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The Osterman Weekend

Sam Peckinpah on DVD: A Guide to Resources

You’ve read the essays, now see the films. My post-script to the Sam Peckinpah series is a survey of Peckinpah on DVD and Blu-ray, with notes on print and mastering quality and details on supplements (where applicable). And with so many of Peckinpah’s films released in compromised versions and later reconstructed or amended with restored footage, I’ve also provided a guide through the incarnations available.

Consider this your guide to the Sam Peckinpah canon on home video (U.S. DVD releases only).

Small Screen:

Sam Peckinpah began his career on television, writing scripts for numerous western shows (including numerous episodes of Gunsmoke) and creating a couple of landmark shows, and moved into the director’s chair with an episode of Broken Arrow in 1958. That show is not on DVD, nor are any of his most significant original TV plays—”Pericles on 31st Street” (1962) and “The Losers” (1963), both made for The Dick Powell Show, and “Noon Wine” (1966), shot on videotape for ABC Stage 67—or any episodes of The Westerner, arguably his greatest TV creation. Here’s what is available:

The Rifleman (1960) (MPI)

“The Marshal” (Season One, Ep. 4), “The Boarding House” (Season One, Ep. 22), “The Money Gun” (Season One, Ep. 33), “The Baby Sitter” (Season Two, Ep. 12)

Chuck Connors
Chuck Connors

Sam Peckinpah wrote “The Sharpshooter” for Dick Powell’s Zane Grey Theater, which became the pilot for The Rifleman (and rebroadcast as the first episode of the new series). MPI released 120 episodes of the half-hour western series over the six collections, not necessarily in order and certainly not comprehensive, but all of Peckinpah’s episodes are included. The single-disc “The Rifleman: Volume 1” (which was subsequently collected in the four-disc “The Rifleman: Boxed Set Collection 1”) features the Peckinpah-scripted pilot “Sharpshooter” and second episode “Home Ranch” along with “The Marshal,” the first episode of the show that he directed. “The Money Gun” (Season One, Ep. 33) is on “The Rifleman: Volume 2” (also collected in “The Rifleman: Boxed Set Collection 1”). “The Boarding House” is included in “The Rifleman: Boxed Set Collection 2” and “The Baby Sitter” is in “The Rifleman: Boxed Set Collection 3.” The MPI collections are no longer in print but feature good quality editions of the episodes and they may found for purchase used or for rent at your more auteur-oriented video stores, and these episodes are also available in the 16-disc/80-episode “The Rifleman Mega Pack,” the quality of which I cannot comment upon.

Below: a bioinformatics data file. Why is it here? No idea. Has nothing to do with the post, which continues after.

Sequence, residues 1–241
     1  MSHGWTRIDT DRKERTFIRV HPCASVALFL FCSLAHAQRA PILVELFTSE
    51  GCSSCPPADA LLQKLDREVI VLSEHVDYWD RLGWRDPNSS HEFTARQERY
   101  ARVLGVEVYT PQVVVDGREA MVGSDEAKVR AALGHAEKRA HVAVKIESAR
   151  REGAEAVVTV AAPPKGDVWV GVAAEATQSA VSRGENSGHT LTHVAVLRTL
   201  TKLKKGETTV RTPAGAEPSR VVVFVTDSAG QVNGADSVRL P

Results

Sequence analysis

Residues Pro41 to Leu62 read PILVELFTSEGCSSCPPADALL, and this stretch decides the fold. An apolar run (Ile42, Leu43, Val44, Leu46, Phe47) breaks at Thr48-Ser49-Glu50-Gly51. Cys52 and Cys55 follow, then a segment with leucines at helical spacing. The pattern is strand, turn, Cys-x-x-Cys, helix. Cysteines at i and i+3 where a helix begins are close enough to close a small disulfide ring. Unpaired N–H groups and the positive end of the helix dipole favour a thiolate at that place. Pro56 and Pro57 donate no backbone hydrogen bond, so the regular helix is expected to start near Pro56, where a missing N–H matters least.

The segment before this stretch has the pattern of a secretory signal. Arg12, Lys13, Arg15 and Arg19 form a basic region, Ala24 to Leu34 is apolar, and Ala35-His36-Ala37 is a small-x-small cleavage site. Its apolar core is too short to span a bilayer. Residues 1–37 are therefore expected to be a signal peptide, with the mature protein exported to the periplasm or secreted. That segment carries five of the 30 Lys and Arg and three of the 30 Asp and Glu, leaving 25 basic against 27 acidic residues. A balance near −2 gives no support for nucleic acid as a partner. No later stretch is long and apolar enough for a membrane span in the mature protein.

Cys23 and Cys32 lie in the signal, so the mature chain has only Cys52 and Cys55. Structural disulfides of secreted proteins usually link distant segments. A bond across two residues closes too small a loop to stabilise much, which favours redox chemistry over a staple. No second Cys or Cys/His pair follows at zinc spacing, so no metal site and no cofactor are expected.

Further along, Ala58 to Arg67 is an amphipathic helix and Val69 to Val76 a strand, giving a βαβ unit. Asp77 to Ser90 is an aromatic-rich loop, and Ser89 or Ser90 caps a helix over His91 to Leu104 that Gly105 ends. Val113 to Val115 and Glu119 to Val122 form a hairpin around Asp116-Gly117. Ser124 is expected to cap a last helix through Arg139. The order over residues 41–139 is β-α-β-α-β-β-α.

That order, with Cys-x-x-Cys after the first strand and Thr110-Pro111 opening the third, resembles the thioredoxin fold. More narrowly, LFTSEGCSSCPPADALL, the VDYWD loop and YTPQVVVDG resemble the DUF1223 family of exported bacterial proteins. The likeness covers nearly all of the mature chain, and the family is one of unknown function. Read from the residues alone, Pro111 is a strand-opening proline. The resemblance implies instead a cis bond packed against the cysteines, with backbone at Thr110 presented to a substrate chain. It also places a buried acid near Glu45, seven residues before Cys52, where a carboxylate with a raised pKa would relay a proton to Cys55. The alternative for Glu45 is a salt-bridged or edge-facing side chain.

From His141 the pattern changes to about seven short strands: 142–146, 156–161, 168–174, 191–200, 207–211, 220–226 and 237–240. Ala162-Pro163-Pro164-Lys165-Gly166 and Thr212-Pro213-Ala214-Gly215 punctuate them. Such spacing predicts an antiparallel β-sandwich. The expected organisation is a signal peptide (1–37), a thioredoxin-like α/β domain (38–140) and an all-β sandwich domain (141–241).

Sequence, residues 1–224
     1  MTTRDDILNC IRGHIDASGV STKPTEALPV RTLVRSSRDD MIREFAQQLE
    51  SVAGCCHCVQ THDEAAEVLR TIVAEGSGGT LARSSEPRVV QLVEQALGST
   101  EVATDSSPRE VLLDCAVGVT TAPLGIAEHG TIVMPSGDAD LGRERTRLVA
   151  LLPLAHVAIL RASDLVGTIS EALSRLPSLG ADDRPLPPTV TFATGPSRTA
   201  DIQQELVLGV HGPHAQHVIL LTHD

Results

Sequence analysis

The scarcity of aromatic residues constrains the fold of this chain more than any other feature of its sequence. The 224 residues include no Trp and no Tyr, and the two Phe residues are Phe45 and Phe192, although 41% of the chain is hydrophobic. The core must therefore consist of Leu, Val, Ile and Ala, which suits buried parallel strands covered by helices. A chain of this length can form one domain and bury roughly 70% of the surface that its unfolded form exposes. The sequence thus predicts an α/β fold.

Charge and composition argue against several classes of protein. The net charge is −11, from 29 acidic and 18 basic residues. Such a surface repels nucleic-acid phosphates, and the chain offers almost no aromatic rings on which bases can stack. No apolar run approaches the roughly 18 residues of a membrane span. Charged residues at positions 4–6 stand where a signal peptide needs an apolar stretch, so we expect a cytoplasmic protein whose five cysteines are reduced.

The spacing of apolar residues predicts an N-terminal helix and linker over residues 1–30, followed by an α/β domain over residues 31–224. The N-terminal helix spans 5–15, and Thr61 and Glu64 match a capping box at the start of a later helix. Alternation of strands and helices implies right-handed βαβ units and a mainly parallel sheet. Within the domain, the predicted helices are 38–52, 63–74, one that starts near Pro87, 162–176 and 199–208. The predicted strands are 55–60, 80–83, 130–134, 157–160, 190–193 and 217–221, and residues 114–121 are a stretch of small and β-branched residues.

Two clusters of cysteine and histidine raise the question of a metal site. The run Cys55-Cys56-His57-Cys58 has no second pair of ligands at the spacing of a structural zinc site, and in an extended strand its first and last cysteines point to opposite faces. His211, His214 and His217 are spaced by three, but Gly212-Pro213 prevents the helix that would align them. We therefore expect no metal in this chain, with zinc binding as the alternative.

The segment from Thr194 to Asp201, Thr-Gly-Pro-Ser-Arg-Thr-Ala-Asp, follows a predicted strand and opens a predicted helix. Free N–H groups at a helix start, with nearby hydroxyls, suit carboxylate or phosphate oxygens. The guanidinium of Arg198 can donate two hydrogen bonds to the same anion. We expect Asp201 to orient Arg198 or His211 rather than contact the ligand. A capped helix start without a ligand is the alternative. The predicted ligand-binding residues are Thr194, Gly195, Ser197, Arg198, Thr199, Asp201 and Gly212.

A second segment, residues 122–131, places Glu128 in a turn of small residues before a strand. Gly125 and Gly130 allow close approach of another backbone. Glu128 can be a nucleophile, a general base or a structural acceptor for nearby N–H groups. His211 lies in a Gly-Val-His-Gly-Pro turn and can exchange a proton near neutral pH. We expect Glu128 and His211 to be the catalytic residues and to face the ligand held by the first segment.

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Lost “Weekend”

[Originally published in Film Comment Volume 20 Number 2, March-April 1984]

Mandeville Canyon is a quiet, curvy stretch of road a good ten miles from Hollywood, lined with well-appointed homes generously separated by shrub and woodland. Where the grade begins to increase, as if the road aspired to eventually climbing out of the surrounding high hills, one’s eyes cast leftward toward a graciously imposing bluff. Ranks of white fence dominate the near horizon and reappear brokenly through the trees on the hillside beyond. From the road they’re the only visible sign of “Robert Taylor’s little cabin where he used to ride horses—in point of fact, a sprawling ranch house replete with baronial dining rooms, parlors, studies, bedrooms, and enough bars to keep the clientele of a metropolitan watering hole happy.